The framers of the Constitution devised an elaborate system of checks and balances to ensure our liberty by making sure that no person, institution or branch of government became so powerful that a tyranny could be established in the United States of America. Impeachment is one of the checks the framers gave the Congress to prevent the executive or judicial branches from becoming corrupt or tyrannical.
We speak with Congressman John Conyers (D - MI) introduced measures to censure President Bush and Vice President Cheney for misleading lawmakers on the decision to go to war in Iraq. Conyers is also seeking the creation of a select committee to investigate the Administration's possible crimes and make recommendations regarding grounds for impeachment.
Censure and Impeachment
By David Swanson, censurebush.org
Censure is not the enemy of impeachment, any more than impeaching Bush prevents impeaching Cheney. We have a tendency to jump five steps ahead of ourselves in order to find imaginary problems.
Raising the Issue of Impeachment
By John Nichols, The Nation
As President Bush and his aides scramble to explain new revelations regarding Bush's authorization of spying on the international telephone calls and emails of Americans, the ranking Democrat on the House Judiciary Committee, has begun a process that could lead to the censure, and perhaps the impeachment, of the president and vice president.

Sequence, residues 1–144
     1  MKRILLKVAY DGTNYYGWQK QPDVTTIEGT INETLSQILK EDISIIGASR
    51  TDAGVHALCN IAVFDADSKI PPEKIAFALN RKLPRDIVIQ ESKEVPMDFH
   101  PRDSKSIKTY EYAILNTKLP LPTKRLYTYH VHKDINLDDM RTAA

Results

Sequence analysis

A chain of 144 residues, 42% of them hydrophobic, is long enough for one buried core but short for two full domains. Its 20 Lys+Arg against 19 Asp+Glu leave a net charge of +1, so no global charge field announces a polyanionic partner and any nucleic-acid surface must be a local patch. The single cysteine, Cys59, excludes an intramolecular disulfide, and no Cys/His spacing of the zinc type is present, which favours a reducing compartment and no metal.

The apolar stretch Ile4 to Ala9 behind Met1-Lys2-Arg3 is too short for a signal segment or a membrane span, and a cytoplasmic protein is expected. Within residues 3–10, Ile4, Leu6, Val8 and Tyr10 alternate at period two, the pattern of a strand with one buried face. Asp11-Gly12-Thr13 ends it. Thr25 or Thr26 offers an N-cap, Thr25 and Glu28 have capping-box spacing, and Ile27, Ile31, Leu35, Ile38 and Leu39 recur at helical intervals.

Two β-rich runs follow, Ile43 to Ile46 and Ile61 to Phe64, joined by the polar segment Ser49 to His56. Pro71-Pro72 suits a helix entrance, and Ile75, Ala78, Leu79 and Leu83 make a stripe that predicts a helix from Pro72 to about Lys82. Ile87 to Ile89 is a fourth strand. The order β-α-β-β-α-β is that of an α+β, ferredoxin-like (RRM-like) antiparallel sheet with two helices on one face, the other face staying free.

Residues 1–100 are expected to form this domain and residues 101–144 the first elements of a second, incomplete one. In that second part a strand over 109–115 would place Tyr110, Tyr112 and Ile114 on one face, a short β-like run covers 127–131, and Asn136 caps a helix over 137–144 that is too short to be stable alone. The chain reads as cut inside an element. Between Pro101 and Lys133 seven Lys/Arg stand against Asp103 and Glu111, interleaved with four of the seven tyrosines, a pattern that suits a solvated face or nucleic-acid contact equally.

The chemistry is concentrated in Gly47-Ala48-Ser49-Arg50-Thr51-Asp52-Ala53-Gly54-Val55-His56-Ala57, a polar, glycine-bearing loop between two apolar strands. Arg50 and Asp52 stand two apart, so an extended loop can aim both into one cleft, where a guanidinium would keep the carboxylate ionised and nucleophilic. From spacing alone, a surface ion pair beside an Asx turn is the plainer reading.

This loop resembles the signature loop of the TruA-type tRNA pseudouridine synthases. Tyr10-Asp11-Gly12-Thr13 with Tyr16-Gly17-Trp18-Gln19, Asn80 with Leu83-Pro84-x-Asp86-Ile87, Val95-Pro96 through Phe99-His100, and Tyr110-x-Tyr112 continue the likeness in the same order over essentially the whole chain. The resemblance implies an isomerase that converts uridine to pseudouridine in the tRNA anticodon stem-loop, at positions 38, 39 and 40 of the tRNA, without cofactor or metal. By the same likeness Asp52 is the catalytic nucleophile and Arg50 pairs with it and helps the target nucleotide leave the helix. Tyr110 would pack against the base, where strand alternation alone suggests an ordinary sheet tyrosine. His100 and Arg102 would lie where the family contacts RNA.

There is a prima facie case that these actions by the President, Vice-President
and other members of the Bush Administration violated a number of federal laws,
including (1) Committing a Fraud against the United States; (2) Making False
When Richard Nixon abused power, Congress held a serious, bi-partisan investigation that resulted in articles of impeachment. Strong evidence suggests that George Bush and Dick Cheney launched an illegal war and lied to Congress, spied on Americans without court approval, leaked classified information, produced phony news reports, imprisoned without charge and tortured, targeted civilians and used illegal weapons. Ask your Congress Member to cosponsor House Resolution 635 for an investigation.
Jonathan Alter in Newsweek writes: "What is especially perplexing about this story is that the 1978 law set up a special court to approve eavesdropping in hours, even minutes, if necessary. In fact, the law allows the government to eavesdrop on its own, then retroactively justify it to the court, essentially obtaining a warrant after the fact… This will all play out eventually in congressional committees and in the United States Supreme Court. If the Democrats regain control of Congress, there may even be articles of impeachment introduced. [Emphasis added.] Similar abuse of power was part of the impeachment charge brought against Richard Nixon in 1974. In the meantime, it is unlikely that Bush will echo President Kennedy in 1961. After JFK managed to tone down a New York Times story by Tad Szulc on the Bay of Pigs invasion, he confided to Times editor Turner Catledge that he wished the paper had printed the whole story because it might have spared him such a stunning defeat in Cuba. This time, the president knew publication would cause him great embarrassment and trouble for the rest of his presidency. It was for that reason—and less out of genuine concern about national security—that George W. Bush tried so hard to kill the New York Times story."